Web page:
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It's Time to Adopt Customer Journey Thinking

2014-04-September-Gas-Station-At-Night.jpgMost companies don’t really understand their customers. “Big data” is not the answer. Even if organizations collect piles of data from every customer interaction, they still aren’t getting a full picture of what’s going on. 

What’s the path to deep customer insight? Customer Journey Thinking. Organizations must stop looking at customers through their internal lens of interactions and focus their attention on customers’ overall journey.

New Realities of Customer Interactions

Companies have always struggled to understand customers, but it’s getting even harder. New technologies (Internet, mobile, social, etc.) and consumer preferences have changed the way that people behave. Today’s consumers are different then they were 20 years ago (even different from 10, or five, or even two years ago). Compared with just a few years ago, customers follow paths that are more:

  • Information-rich. Companies used to dole out pieces of information knowing that customers had little access to anything more that could validate or repudiate their message. Today, information is widely available.
  • Multichannel. Companies used to depend on a stable set of interactions in each channel, sales in stores, service over the phone, etc. But an increasing number of interactions are happening in online and mobile channels and being blended with those traditional channels. In a recent Temkin Group study, we found that 43 percent of US consumers check competitors’ prices on their mobile phone when they are in a store.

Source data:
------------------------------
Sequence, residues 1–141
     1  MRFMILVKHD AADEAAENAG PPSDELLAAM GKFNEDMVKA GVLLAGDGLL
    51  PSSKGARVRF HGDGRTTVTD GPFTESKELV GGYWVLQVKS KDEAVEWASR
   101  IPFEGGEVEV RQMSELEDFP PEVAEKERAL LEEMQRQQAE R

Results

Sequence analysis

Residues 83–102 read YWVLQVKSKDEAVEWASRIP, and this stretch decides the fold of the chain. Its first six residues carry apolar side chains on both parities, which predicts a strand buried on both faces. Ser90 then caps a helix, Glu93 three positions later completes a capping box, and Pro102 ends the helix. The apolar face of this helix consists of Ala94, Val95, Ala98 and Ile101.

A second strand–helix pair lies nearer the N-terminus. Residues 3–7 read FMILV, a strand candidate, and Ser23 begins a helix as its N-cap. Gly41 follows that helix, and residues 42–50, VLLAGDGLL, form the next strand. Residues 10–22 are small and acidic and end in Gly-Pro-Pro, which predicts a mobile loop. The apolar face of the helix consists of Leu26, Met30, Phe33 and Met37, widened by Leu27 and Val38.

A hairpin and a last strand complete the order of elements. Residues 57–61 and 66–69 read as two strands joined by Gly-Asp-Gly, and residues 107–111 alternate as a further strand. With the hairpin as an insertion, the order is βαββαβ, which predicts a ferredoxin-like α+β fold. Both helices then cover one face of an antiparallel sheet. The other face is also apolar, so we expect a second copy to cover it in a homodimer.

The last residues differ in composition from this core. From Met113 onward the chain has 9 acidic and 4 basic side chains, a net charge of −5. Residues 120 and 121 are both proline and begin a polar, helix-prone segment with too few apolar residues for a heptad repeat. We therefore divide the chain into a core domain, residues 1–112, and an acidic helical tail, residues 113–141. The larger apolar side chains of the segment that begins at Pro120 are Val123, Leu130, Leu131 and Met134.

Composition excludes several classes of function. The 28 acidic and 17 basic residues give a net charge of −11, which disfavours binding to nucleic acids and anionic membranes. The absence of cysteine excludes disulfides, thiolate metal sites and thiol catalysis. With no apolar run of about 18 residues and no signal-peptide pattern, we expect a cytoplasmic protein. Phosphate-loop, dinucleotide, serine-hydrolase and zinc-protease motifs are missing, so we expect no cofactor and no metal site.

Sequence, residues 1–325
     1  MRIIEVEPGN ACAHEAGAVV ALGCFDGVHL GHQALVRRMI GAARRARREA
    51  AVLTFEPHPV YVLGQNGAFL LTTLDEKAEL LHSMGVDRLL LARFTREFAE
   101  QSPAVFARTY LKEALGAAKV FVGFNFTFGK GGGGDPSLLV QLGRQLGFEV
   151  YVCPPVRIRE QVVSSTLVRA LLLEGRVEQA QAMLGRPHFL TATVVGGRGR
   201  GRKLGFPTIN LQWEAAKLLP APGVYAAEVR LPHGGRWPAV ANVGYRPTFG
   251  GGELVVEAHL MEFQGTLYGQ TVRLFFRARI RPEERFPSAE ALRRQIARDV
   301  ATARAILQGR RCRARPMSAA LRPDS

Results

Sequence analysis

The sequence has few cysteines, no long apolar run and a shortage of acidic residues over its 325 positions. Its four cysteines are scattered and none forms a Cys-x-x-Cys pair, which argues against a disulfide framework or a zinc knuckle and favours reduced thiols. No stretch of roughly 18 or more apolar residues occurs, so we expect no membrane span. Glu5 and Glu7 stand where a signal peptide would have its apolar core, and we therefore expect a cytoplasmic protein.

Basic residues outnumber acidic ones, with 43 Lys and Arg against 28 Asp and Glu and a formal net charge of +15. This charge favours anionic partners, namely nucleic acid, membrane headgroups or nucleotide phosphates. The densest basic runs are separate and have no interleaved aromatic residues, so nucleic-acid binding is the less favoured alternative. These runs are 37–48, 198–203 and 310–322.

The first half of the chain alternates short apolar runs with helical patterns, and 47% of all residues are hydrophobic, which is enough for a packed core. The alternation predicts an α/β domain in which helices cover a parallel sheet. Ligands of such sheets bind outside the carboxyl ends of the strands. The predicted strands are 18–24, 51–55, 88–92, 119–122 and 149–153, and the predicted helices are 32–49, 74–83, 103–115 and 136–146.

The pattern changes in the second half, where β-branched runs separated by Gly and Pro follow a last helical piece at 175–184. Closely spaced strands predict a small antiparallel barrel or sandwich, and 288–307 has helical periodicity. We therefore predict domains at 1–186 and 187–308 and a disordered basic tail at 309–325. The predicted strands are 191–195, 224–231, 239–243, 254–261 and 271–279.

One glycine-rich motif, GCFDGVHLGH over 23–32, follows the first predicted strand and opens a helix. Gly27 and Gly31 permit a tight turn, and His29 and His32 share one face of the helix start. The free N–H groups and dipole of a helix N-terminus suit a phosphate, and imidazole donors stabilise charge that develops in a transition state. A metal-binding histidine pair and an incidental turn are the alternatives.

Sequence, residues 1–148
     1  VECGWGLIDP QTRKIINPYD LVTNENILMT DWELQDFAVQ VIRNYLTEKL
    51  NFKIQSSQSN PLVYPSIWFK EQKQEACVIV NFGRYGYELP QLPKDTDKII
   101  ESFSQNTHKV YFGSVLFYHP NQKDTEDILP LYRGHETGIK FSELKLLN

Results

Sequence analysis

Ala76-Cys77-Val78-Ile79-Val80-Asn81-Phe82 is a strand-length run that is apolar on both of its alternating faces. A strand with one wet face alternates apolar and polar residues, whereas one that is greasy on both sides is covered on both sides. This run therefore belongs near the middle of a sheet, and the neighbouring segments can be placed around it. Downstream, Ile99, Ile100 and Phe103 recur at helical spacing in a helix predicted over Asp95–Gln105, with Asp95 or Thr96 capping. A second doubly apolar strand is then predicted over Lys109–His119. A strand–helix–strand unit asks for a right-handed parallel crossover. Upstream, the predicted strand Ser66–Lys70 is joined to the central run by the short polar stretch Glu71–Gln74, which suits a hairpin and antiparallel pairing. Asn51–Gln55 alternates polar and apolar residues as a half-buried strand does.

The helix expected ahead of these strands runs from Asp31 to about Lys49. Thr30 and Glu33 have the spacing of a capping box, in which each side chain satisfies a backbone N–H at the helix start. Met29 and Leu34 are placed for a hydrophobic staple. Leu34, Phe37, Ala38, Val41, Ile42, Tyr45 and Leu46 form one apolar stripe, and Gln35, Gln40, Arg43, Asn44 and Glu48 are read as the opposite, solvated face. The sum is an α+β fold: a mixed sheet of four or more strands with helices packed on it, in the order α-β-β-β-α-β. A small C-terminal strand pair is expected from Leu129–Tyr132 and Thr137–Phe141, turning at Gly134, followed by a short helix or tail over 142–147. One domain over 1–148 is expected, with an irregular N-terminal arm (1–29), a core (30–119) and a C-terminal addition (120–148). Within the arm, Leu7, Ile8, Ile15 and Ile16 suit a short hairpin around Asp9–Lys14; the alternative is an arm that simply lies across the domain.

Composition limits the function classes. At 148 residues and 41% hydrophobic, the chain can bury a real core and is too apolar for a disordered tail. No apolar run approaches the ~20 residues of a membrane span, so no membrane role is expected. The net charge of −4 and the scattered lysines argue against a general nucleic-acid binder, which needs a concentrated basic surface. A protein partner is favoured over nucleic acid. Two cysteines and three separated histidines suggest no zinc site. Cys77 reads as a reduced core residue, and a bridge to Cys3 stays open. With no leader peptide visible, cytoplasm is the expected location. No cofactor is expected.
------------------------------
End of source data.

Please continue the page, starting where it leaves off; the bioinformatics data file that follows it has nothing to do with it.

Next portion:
• Interconnected. Companies are recognizing that marketing and service interactions aren’t isolated events. When a customer has a greats service experience, they are very open to messages about making additional purchases or believing positive comments about your brand. After a bad experience, any marketing event will likely fall flat.
  • Beyond you. With the growth of social channels and technologies for sharing information, people rely less on what they hear directly from companies. As a result, influencing an individual is no longer sufficient for affecting behaviors.

Focus on Your Customer’s Journey

How can you better understand customers in this changing world? By recognizing that they don’t want to interact with your organization. That’s right, customers don’t wake up in the morning thinking, today I want to interact with your bank, retailer, health plan, etc. Customers have goals in their lives that sometimes lead them to interact with your firm. The interaction is not the central component, it’s just a part of a much broader journey.

If a mother has a young daughter who needs surgery, she’s not calling her health plan because she wants to. She’s contacting the company because it’s a required step in her journey of helping her daughter get better. If you don’t recognize what customers are really trying to do, then you’ll never fully understand them. If you don’t examine your interactions in the context of their overall journey, then you’ll never be able to fully meet their needs.